Q&A with Shadow Communications Minister, Malcolm Turnbull
- 28 January, 2011 15:45
Shadow Communications Minister, Malcolm Turnbull, speaks with ARN about what the Coalition would do with the NBN if it took power and how he’ll attack the issue in 2011.
David Ramli (DR): You had successful year last year compared to your predecessor’s in terms of fighting the NBN in the mainstream media. But I’ve spoken to a few analysts who say the Government’s taken back some of the momentum and that it’s getting its message across to people.
Malcolm Turnbull (MT): I don’t think the Government’s getting any message across at all on the NBN. I actually think there’s growing scepticism about it and I think as it is rolled out assuming it is rolled out that the scepticism will grow. When they start overbuilding areas where they already have fast broadband people will not be able to tell the difference and they’ll be sceptical about it.
Because the world is increasingly heading towards wireless Internet access, there is an enormous amount of work that is going to go into better compression technology because you’re not going to have the whole world fibred to the home.
DR: But isn’t it a little dangerous to rely on future developments that haven’t taken place?
MT:You’re missing my point, with respect. What I’m saying is that we’re better off identifying the deficiencies we have at the moment and addressing them in the most cost-effective way.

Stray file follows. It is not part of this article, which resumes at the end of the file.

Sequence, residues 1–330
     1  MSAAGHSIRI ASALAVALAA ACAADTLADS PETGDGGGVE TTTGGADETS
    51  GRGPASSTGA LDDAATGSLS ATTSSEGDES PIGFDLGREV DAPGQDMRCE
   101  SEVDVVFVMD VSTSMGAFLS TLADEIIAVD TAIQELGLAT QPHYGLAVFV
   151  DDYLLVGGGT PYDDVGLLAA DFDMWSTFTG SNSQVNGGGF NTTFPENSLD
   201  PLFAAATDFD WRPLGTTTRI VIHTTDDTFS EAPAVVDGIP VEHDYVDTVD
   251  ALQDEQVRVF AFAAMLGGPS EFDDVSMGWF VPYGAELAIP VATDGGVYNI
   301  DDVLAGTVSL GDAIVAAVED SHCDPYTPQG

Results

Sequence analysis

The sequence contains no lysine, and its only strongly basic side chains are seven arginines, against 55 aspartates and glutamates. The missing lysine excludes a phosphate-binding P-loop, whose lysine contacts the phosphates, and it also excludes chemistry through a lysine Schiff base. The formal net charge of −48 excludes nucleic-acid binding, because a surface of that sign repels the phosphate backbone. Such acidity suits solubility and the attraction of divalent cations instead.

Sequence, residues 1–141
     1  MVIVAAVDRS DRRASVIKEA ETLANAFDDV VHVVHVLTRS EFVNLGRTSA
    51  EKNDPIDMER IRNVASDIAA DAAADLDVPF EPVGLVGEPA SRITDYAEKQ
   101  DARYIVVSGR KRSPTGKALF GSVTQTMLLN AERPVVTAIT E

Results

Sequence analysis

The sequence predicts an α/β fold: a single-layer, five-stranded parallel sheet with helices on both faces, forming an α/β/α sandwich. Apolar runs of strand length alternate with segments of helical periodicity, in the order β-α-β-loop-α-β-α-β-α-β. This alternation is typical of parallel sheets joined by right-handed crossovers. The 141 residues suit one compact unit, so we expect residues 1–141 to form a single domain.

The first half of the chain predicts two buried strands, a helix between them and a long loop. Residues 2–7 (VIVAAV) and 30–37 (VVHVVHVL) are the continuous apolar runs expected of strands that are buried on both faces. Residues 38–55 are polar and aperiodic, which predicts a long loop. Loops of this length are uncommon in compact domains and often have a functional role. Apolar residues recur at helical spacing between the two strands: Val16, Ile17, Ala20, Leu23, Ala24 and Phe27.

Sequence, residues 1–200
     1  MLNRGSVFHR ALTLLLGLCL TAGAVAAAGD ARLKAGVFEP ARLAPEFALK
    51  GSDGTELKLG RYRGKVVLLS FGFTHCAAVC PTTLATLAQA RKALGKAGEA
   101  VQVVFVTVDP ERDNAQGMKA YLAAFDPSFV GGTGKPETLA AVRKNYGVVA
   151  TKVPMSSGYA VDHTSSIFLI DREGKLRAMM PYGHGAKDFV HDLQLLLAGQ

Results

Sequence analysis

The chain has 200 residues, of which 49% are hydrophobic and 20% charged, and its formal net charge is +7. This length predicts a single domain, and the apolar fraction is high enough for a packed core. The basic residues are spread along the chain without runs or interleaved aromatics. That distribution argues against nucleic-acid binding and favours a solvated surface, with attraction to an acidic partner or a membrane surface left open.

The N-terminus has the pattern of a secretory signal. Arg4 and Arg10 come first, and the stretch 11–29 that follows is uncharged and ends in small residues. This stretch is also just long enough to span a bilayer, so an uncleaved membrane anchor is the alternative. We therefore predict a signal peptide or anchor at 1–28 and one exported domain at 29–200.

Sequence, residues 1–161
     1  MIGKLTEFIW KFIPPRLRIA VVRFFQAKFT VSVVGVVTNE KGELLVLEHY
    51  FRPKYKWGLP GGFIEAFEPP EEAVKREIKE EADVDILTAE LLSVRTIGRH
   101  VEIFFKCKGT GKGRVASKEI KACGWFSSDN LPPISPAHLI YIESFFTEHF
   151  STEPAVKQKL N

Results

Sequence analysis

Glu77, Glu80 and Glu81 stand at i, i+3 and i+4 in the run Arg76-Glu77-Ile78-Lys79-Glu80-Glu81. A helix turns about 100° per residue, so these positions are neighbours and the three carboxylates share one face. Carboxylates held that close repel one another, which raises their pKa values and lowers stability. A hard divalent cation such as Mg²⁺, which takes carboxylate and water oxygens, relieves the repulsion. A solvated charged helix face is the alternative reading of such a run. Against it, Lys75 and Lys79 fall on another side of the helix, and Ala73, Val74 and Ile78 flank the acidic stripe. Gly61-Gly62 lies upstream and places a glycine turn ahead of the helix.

They’re saying that having fibre to the home future proofs us; that having spent that money we don’t have to spend any more. But the truth is what people are increasingly seeking is the convenience and functionality of mobility.
We will end up spending $50 billion or whatever it is in expenditure on the NBN and there will still be billions or tens of billions of dollars to be spent on wireless networks because that’s where the demand is going to come from.
DR: Some estimates claim the NBN will be 12-13 per cent complete by the time the next election comes around. At what percentage does the NBN become impossible to stop?
MT: You would have to assess it at the time. The thing I don’t know is what areas they’re going to do first. It really is going to be a matter of identifying the facts on or in the ground at the time. And the other thing is we don’t believe the Government should own this company.
(If we win) we would seek to ensure the separated customer access network company is separately owned and that it becomes the provider of fibre that last mile infrastructure.
We would stop the construction of the NBN, quickly conduct a rigorous cost-benefit analysis, identify those elements in the NBN infrastructure that should be maintained and integrated perhaps into the new separated network company and identify the areas that are deficient in terms of connectivity and prioritise them and make sure they are addressed.
I think in terms of those people who have got poor Internet access now getting better internet access under my approach, they’d get it much more quickly than under the NBN.
DR: Would there ever be a potential situation where the NBN would be continued because it got rolled out too far?
MT: No. If an independent network company believes it can make a return out of rolling out fibre to the home, then fine. I’m not against fibre to the home or any particular technology. The question is should the Government be using taxpayer dollars to subsidise it.
This is the point you can’t sidestep – when you look at the applications people say require that sort of connectivity they are invariably talking about video entertainment or some form of video interactive gaming.
DR: Video surgery?